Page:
With the MLB season at the halfway mark and set to charge toward the October playoffs, here is how I see the races and the storylines shaping up:
- NL East: The Nats win this division in a stroll. I cannot see any other team here getting anywhere near the Wild Card slots. My bold prediction is that the Phillies will not lose 100 games. They will lose 95 – – but not 100.
- NL Central: The Brewers are the Cinderella story of 2017. On opening day, they had one of the lowest payrolls in MLB. The question here is can – or will – the Cubs shake off their World Series hangover. Unless one of the teams in the NL West dies like a dog, there will only be one team from the NL Central in the playoffs.
- NL West: The Dodgers will win this division in a walk. The Rockies and D-Backs are pleasant surprises this year and both have significant leads in the race for the NL Wild Card slots. The D-Backs have the second-best run-differential in the NL (behind the Dodgers); the Rockies are 5 games over .500 on the road this year. How did the Giants fall to a point where they have the second worst record in the NL?
- AL East: The Red Sox lead this division on the strength of their pitching and defense and not their offense. Who saw that coming? The Yankees have played very well this year but the biggest surprise in the division are the Rays. The AL East will provide one of the wild cards in the AL. Just a hunch, I think it will be the Red Sox as the division winners and the Rays as a wild card.
- AL Central: I see that the Twins and Royals are “nipping on the heels” of the Indians. Nonetheless, I think the Indians win this division without a ton of drama. The Twins and Royals will fight for a wild card slot.
- AL West: It would take a catastrophe of the magnitude of the team plane going down with no survivors for the Astros to lose out in the AL West. The big surprise here is that the Angels are only 2 games below .500 despite having Mike Trout on the DL for more than a month. Maybe the Angels can get into the wild card mix with the Twins and Royals?
I watched a couple innings of the All-Star Game; when I was younger, this was must-see TV; I never missed a game. Back in those ancient times, there was no inter-league play. The players in the “other league” existed only in newspaper game stories, articles in Sports Illustrated and on baseball cards. In terms of nationally televised games, there was only one game a week all the way up through the 1980s. Watching the All-Star Game – and the World Series – was the way to see the stars of the “other league”.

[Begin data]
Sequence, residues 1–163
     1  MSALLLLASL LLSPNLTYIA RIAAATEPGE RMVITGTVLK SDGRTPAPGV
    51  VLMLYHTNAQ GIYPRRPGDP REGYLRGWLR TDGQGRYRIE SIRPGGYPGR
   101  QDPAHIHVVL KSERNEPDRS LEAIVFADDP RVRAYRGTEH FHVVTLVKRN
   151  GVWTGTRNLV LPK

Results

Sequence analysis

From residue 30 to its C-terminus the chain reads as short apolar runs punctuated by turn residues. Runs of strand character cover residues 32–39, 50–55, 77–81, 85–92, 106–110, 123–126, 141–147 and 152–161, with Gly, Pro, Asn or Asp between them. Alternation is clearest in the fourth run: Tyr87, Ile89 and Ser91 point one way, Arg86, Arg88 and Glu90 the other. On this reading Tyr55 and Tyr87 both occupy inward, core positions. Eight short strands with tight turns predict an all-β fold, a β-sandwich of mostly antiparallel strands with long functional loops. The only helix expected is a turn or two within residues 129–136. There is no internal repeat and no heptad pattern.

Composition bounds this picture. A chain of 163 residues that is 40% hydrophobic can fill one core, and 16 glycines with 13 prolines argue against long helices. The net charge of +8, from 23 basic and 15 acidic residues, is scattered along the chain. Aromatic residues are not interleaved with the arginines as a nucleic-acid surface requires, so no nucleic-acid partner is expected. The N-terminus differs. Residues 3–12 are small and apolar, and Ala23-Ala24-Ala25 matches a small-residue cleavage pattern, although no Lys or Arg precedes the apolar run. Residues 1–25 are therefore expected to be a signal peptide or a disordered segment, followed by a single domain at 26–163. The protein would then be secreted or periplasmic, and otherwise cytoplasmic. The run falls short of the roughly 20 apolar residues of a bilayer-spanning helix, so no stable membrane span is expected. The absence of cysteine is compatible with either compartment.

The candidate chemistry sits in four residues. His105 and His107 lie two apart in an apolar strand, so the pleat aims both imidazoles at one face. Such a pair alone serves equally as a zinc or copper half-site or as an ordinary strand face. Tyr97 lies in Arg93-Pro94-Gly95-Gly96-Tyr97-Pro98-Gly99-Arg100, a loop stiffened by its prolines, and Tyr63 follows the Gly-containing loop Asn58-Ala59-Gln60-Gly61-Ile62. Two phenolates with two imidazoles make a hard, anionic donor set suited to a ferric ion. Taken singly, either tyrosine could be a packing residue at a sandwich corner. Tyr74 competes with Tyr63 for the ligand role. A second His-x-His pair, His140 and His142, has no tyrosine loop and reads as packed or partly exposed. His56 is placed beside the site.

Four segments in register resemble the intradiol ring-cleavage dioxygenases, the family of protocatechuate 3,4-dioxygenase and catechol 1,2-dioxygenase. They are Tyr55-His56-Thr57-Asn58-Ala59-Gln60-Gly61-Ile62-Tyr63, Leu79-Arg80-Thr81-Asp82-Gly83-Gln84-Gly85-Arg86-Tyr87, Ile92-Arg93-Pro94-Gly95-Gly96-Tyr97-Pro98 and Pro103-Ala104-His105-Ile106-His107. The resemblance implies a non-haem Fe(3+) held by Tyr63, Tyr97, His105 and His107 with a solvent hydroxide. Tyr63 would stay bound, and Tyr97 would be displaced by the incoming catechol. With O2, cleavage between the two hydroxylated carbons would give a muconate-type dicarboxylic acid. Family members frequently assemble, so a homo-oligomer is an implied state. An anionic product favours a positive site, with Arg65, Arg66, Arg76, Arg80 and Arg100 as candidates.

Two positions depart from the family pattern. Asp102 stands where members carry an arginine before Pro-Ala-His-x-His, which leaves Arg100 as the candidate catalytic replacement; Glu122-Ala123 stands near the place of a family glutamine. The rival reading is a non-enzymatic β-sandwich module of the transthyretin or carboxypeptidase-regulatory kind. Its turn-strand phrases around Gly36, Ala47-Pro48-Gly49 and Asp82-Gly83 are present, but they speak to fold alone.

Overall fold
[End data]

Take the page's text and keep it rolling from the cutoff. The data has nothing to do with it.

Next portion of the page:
That “mystery factor” no longer exists and the game is no more meaningful than a Spring Training game. In fact, a Spring Training game is probably more interesting because in Spring Training there is always the question of which rookie might make the team this year or which veteran attempting a comeback will be successful in that endeavor. The All-Star Game has no aura related to “consequence”.
Having said all of that, let me be clear on something:
- The MLB All-Star Game is far and away the best All-Star Game of the major US sports. None of the games have any meaning; so that is not the reason the MLB game is the best of the lot. The reason it is the best is that the MLB All-Star Game actually resembles a real baseball game; pitchers are actually trying to get hitters out and fielders are actually playing defense. In football, basketball and hockey there is zero defense and so the all-star games bear no resemblance to the actual sports they represent.
Let me switch gears here to comment on another example of strange fan behavior. There are lots of colleges who can point to the dedication and fervor of their fan bases; every once in a while, one of those fans does something that might indicate that the fan is just a tad too ‘involved with” or “attached to” the school’s scholar-athletes. LSU is one such school with an avid and devoted fan base. Teams playing LSU in Baton Rouge on a Saturday night know they will be facing a good football team on the field and a crowd of more than 100,000 fans whose ardor gave the stadium the nick name, Death Valley.
Today, there is a report about one of the LSU fandom taking his passion into Tiger Stadium on a different vector heading. Local police arrested a 36-year old man and a woman standing by a ladder that was positioned in a way for them to enter the locked stadium. No, they were not going there to take selfies at the 50-yardline; when the police arrived, the man admitted that the woman was a prostitute. I will leave it as an exercise for the students here to come up with conclusions as to what the couple might have intended to do once inside the facility.
The man was arrested and charged with “unauthorized entry into a place of business” and solicitation of prostitution. It was not clear to me from the report if the “unauthorized entry into a place of business” referred only to Tiger Stadium of if there may have been multiple charges contained therein…
Finally, here is a comment from Dwight Perry in the Seattle Times about a fan interruption of a MLB game earlier this year:
“A streaker clad in only his socks ran across the field at a Brewers-Giants game in Milwaukee three security finally tackled him near shortstop.
“He’s expected to be charged with misdemeanor lewd and lascivious behavior, and violating the infield-fly rule.”
But don’t get me wrong, I love sports………